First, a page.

: Day 4 - Springfield.
Here’s one of three galleries at the Springfield Museums where our exhibit “GUITAR: The Instrument That Rocked The World” is being hosted for the next three months. This was taken just as doors opened for our first day opening this morning. Thanks to everyone who made it a huge success.
The National Guitar Museum exhibit has made a successful landing at the Springfield Museums in Springfield, Mass.! How does it look?
Sunday listening in the NGM Lobby features stunning guitar work from Usman Riaz and Preston Reed. Here are the two performing their signature tapped and percussive guitar styles live on stage. Enjoy.
: Genesis - “Trick Of The Tail.”
On 1976’s “Trick Of The Tail,” guitarist Steve Hackett finally got a vehicle in which to showcase his prodigious talent. After Peter Gabriel’s departure, the remaining members of Genesis had to prove that they were every bit as creative as he was. Without being buried in Gabriel’s lavish vocal productions, and with a bit less of Tony Banks’ keyboards — both of which had minimized his role in the classic “Lamb Lies Down On Broadway” — Hackett re-established himself as a player who could single-handedly carry anything the band attempted.
From the charging opener of “Dance On A Volcano” all the way to the instrumental epic “Los Endos,” Hackett’s guitar garnered recognition in a way it never had before. His melodic lines, coupled with the occasional bombast of chords, showed that Hackett’s style was as distinctive as any of his contemporaries. “Trick Of The Tail” is still an an excellent example of how to integrate guitars and synths without the two battling each other at every turn.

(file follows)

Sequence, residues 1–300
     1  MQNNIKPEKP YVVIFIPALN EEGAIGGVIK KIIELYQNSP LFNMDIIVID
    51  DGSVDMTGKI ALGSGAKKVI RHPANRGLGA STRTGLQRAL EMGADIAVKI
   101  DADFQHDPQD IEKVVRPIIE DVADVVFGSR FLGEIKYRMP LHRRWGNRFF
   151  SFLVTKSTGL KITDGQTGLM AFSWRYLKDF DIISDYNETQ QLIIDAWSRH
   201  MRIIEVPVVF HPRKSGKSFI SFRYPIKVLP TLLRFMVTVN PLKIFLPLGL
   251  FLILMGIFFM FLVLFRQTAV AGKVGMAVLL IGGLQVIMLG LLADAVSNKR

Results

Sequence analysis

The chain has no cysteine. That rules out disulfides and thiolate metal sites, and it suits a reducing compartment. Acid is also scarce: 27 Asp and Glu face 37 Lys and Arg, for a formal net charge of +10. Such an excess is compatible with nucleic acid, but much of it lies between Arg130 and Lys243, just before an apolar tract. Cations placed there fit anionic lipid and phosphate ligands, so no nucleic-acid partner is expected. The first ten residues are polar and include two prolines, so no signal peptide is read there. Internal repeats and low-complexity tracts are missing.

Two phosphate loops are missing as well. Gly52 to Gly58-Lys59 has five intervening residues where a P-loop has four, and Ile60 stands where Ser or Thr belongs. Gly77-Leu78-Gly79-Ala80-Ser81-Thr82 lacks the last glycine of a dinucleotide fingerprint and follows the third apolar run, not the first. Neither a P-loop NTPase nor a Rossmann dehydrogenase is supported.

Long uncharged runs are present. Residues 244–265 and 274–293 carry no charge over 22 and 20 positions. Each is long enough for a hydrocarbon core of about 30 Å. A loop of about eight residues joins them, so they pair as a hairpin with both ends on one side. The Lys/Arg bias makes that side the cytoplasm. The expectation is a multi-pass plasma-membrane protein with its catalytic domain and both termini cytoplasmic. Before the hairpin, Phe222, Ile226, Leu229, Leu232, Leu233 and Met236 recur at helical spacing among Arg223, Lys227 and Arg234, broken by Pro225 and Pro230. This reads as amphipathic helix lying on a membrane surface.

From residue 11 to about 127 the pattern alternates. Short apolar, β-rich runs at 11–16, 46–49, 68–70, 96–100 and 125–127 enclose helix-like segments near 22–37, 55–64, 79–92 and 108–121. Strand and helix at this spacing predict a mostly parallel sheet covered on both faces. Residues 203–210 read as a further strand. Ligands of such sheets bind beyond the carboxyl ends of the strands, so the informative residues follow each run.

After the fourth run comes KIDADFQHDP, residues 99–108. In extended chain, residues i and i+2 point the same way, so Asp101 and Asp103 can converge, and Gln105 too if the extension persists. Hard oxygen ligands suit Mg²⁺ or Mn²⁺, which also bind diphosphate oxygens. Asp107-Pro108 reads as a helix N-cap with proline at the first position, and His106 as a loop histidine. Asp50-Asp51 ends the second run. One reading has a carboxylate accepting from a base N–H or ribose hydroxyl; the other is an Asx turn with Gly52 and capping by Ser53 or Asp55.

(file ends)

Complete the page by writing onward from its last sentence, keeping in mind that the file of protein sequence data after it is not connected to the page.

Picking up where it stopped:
: The Ventures - “Walk Don’t Run”
The debut release by the all-instrumental Ventures was massively influential in the guitar universe from the moment it was released in 1960. The band’s core - rhythm player Don Wilson, lead guitarist Bob Bogle, and bassist (eventually lead guitarist) Nokie Edwards - recorded “Walk Don’t Run” after hearing Chet Atkins’ version. It was a brilliant choice, and cameto define the Ventures’ sound for the next 50 years: recording guitar-drenched versions of popular tunes, dance songs, and the occasional original. And by relying solely on instrumentals, the Tacoma, Washington band was able to overcome any international resistance, promptly becoming a worldwide sensation.